Ever so often comes a book that captures the soul of a civiliazation or that of a city. The romantic portrayal of Shantaram or the diversity captured by Suketu Mehta in Maximum City make you fall in love with Bombay. Nothing of that sorts is going to happen on reading The White Tiger. Romanitc is an adjective that would perhaps never be associated with it and by no stretch of imagination has Aravind Adiga captured the diversity of India. He has generalized more often than not and divided India into two: the 'Light' and the 'Darkness', a dichotomy that has often been associated with India.
I can relate to many who have raised their eyebrows on The White Tiger winning the Booker. I can see where they are coming from. For the grim portrayal of the hinterland that Adiga paints is not in the least bit remarkable for them. It's all too routine. It's the kind of news that dominates the local newspapers of a region, news about the hinterland that when presented to us in a book fails to excite us. And this is what perhaps won the Booker for Adiga: an almost brutal view of India's interior and, I daresay, reality.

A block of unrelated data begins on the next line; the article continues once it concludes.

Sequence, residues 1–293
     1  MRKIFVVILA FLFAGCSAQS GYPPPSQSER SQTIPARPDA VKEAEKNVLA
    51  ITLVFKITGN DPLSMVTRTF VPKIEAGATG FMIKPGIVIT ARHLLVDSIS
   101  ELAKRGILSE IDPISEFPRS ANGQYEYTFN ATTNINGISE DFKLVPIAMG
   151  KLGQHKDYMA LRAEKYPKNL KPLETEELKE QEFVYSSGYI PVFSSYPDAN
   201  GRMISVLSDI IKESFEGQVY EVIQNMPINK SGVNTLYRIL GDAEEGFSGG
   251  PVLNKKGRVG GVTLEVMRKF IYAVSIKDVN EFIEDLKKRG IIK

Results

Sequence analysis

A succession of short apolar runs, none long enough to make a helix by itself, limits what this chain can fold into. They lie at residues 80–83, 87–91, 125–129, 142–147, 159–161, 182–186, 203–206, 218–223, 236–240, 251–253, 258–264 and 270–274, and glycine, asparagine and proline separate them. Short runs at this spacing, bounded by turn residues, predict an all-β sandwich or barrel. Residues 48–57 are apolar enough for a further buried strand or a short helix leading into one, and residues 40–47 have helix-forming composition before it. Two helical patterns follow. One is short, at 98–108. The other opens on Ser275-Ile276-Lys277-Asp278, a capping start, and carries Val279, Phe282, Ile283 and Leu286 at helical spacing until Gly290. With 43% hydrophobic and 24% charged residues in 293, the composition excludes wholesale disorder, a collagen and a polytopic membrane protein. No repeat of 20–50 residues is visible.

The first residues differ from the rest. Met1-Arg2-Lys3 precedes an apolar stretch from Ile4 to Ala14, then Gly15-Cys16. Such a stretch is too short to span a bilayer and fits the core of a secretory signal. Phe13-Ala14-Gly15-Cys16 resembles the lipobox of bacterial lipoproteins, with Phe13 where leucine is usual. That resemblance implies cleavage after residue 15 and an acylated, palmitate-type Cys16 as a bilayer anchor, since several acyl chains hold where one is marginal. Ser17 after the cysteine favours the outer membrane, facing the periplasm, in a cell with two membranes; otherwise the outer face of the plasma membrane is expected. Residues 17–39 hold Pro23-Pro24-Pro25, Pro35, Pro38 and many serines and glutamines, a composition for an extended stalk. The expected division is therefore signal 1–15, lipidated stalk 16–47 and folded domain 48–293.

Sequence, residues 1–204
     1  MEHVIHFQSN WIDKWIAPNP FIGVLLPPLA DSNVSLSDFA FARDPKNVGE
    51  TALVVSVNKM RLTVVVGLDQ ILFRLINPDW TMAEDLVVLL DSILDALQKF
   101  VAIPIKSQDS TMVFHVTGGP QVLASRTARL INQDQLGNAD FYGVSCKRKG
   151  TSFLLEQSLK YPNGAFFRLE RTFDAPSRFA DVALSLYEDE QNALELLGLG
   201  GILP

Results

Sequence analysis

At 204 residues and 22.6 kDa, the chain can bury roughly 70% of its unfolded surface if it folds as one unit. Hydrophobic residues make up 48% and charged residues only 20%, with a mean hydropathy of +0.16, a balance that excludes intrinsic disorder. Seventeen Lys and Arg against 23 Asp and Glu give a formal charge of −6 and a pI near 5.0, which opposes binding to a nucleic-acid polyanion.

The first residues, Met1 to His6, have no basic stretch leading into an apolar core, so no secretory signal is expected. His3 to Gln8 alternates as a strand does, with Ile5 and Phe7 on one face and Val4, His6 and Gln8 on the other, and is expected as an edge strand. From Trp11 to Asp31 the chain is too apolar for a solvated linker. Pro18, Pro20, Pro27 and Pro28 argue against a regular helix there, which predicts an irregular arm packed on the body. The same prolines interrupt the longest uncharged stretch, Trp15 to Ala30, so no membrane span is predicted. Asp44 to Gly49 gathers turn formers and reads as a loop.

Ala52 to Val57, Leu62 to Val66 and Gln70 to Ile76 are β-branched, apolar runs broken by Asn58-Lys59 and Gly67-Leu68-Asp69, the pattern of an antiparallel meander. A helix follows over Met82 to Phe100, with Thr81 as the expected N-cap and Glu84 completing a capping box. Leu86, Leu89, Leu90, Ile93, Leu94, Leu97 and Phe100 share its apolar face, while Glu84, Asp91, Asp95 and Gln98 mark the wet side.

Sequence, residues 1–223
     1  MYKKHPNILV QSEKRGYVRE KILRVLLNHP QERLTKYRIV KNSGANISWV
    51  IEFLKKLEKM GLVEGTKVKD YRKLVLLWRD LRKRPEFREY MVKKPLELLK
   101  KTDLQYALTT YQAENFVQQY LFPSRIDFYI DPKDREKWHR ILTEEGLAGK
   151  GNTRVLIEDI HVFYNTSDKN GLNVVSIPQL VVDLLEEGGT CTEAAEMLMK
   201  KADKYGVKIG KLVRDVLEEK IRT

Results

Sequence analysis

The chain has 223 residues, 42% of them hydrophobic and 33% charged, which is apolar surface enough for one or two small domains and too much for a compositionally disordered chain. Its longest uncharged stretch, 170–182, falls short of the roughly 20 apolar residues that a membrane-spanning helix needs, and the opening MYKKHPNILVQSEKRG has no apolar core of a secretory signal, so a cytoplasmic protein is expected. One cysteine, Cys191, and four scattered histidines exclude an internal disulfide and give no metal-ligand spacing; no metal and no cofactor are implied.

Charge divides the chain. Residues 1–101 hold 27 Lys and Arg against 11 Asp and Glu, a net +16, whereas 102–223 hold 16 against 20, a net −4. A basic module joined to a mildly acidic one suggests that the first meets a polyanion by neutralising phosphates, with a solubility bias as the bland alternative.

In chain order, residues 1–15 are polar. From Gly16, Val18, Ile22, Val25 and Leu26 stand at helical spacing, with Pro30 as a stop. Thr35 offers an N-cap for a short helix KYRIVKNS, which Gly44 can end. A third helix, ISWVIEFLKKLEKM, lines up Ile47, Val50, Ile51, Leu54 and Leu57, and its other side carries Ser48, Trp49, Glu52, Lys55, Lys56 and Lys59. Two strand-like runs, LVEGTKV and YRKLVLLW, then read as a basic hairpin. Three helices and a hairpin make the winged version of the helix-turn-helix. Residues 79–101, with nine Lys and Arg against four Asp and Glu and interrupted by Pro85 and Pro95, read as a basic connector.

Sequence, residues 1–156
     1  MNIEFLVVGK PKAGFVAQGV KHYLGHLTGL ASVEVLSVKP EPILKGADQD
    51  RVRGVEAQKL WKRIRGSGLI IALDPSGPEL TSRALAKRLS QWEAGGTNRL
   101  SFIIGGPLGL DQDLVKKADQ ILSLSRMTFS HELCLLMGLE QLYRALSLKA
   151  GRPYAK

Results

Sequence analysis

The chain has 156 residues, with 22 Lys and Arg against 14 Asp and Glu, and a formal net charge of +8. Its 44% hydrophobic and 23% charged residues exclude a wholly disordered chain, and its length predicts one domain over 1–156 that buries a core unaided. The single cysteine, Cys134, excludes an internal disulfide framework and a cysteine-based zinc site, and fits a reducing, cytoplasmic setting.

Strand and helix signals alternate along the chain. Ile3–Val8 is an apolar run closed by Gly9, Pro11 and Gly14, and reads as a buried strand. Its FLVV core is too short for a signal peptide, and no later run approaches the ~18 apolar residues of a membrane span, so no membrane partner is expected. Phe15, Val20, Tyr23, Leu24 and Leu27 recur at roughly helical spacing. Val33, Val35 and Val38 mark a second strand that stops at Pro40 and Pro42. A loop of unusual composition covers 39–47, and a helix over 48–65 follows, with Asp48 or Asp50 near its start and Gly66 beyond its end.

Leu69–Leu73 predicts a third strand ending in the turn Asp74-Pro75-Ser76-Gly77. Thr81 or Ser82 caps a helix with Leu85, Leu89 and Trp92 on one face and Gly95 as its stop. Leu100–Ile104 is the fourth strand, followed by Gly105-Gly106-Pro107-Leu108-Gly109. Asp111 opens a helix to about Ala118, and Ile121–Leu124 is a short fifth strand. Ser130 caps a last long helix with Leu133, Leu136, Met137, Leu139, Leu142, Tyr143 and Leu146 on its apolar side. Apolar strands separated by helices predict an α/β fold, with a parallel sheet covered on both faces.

While I do not completely agree with his dichotomy, it is something that has more than an element of truth about it. The condition in the states of Bihar, U.P., Jahrkhand etc, the 'Darkness' as Adiga puts it is not much different from what he has described. Roll back the last few years of reforms and you may find the description to be eerily true. The rampant corruption, the absence of development, the oppression it's all in there. Adiga has succeeded in bringing out the worst in his characters.
The lack of diversity in the book is one thing that stands out and that is perhaps due to the choice of the protagonist. I am not quite sure if the protagonist would have been able to comprehend India's diversity and since the book is written from hsi point of view the lack of diversity might be excused. And yes Adiga has generalized. But if the generalizations happen to be overwhelmingly true, is it such a big issue?